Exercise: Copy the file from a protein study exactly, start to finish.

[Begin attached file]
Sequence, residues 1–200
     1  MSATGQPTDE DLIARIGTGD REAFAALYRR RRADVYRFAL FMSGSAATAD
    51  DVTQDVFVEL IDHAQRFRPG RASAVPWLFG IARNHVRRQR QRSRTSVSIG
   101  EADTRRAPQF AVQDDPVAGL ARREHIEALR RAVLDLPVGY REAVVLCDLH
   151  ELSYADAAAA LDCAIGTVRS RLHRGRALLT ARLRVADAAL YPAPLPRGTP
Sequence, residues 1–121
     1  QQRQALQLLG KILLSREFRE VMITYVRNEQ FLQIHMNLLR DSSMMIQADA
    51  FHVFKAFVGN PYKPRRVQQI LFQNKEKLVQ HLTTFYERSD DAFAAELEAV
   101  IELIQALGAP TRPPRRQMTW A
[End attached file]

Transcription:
Sequence, residues 1–200
     1  MSATGQPTDE DLIARIGTGD REAFAALYRR RRADVYRFAL FMSGSAATAD
    51  DVTQDVFVEL IDHAQRFRPG RASAVPWLFG IARNHVRRQR QRSRTSVSIG
   101  EADTRRAPQF AVQDDPVAGL ARREHIEALR RAVLDLPVGY REAVVLCDLH
   151  ELSYADAAAA LDCAIGTVRS RLHRGRALLT ARLRVADAAL YPAPLPRGTP
Sequence, residues 1–121
     1  QQRQALQLLG KILLSREFRE VMITYVRNEQ FLQIHMNLLR DSSMMIQADA
    51  FHVFKAFVGN PYKPRRVQQI LFQNKEKLVQ HLTTFYERSD DAFAAELEAV
   101  IELIQALGAP TRPPRRQMTW A